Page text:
The Pentagon Attack When I reached Lincoln Park, my heart stopped for a second as I heard a distant, muffled, but definitely alarming blast. My radio immediately reported a plane crashing into the Pentagon. My foot pushed down on the gas, propelling me toward home where Kate and Isa were and also toward the phone that would connect me to Michelle, whom I needed to confirm was okay.

The Grotto Revisited

A Temporary Haven Back at the Grotto, the atmosphere was electric with a mix of dread and anticipation. Kate and Isa were seated in front of the small 19-inch Sony TV. They told me my mom had called, concerned and seeking to ensure we were safe. I immediately called Michelle, urging her to pack some essentials. I was going back to get her, I told her. I needed to ensure she was safe, that we were all under one roof.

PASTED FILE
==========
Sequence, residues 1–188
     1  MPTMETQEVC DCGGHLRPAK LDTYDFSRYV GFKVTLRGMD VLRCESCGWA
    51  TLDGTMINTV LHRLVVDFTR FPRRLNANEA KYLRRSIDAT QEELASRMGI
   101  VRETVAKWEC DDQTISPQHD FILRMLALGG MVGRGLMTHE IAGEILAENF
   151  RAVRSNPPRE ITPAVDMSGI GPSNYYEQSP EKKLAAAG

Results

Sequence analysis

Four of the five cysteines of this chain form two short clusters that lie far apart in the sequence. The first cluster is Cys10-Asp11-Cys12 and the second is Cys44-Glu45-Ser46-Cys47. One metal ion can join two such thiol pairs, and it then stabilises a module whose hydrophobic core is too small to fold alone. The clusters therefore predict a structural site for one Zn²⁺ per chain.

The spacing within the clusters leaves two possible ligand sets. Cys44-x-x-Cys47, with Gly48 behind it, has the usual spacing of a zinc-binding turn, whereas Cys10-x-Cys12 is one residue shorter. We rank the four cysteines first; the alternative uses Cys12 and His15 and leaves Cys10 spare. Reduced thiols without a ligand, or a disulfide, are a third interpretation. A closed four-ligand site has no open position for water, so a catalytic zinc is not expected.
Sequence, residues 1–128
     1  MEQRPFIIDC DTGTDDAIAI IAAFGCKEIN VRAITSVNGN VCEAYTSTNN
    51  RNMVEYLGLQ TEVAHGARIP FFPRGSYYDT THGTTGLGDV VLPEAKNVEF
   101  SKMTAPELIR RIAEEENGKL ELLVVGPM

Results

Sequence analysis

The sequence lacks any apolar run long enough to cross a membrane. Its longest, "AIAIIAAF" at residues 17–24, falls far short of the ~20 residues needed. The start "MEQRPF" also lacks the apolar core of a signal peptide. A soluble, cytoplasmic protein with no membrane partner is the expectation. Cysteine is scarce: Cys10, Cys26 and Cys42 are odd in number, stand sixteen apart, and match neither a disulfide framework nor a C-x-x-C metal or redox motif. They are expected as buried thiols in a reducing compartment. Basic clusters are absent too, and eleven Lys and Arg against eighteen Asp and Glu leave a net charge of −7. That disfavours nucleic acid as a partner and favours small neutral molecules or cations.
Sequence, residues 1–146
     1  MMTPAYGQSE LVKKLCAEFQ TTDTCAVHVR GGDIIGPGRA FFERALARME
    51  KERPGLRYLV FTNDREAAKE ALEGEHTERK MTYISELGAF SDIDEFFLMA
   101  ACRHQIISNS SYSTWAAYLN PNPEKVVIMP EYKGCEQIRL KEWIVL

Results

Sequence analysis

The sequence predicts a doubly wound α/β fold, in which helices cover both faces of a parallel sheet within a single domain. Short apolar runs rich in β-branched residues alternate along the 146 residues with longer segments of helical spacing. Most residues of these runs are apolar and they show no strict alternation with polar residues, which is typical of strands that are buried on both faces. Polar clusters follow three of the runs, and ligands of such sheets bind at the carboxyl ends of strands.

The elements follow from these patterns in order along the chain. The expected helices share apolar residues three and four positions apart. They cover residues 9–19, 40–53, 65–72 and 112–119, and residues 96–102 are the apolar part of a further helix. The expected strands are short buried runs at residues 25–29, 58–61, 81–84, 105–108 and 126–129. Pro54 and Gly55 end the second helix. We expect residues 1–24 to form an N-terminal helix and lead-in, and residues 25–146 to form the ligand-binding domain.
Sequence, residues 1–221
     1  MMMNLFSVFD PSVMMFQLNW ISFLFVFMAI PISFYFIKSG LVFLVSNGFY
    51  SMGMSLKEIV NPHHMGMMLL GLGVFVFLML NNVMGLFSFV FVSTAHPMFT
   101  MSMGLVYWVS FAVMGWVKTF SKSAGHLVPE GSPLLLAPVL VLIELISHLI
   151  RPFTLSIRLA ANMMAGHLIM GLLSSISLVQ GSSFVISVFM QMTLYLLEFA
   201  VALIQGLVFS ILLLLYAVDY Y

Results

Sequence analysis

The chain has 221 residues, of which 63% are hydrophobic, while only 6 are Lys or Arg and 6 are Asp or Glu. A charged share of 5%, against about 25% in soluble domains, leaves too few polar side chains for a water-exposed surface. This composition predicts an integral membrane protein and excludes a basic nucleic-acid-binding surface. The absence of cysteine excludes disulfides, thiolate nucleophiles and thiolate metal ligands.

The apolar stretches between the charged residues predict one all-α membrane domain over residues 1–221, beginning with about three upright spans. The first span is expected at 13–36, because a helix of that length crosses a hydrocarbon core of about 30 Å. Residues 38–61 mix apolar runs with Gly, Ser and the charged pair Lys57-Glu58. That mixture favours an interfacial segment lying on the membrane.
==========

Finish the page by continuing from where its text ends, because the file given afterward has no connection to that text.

Gathering My Loved Ones

A Race Against Time Traffic was building up; military vehicles were becoming a common sight; the city was on high alert. Yet, when I reached Michelle's condo in Dupont, she was ready. She was ill, but she understood the gravity of the situation. I had reached there to collect her and Suzi—my family. We couldn't control what was happening outside, but we could try to keep our loved ones close.

Safe at Last

The Assemblage at the Grotto Back at the Grotto, Michelle joined Kate, Isa, Suzi, and me, completing our makeshift family in a time of crisis. Anita, our neighbor, and her friends were seeking solace in beers, attempting to alleviate the tension that had settled like a dark cloud. We were all crowded around the small TV, watching, horrified, as the towers collapsed. It was unimaginable, a surreal nightmare unfolding in front of our eyes.

The World Beyond